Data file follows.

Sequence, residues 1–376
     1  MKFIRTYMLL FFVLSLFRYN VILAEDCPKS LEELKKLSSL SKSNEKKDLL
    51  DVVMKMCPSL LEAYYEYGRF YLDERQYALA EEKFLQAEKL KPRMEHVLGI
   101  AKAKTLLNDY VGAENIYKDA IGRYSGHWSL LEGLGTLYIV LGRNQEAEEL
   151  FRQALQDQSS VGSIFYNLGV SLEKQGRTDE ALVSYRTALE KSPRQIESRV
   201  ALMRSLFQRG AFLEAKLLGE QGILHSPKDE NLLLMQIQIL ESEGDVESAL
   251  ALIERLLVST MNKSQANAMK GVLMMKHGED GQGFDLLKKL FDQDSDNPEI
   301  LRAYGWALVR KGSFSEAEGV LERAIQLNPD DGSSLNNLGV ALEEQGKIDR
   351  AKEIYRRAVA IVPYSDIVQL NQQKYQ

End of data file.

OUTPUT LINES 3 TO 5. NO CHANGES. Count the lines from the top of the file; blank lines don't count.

    51  DVVMKMCPSL LEAYYEYGRF YLDERQYALA EEKFLQAEKL KPRMEHVLGI
   101  AKAKTLLNDY VGAENIYKDA IGRYSGHWSL LEGLGTLYIV LGRNQEAEEL
   151  FRQALQDQSS VGSIFYNLGV SLEKQGRTDE ALVSYRTALE KSPRQIESRV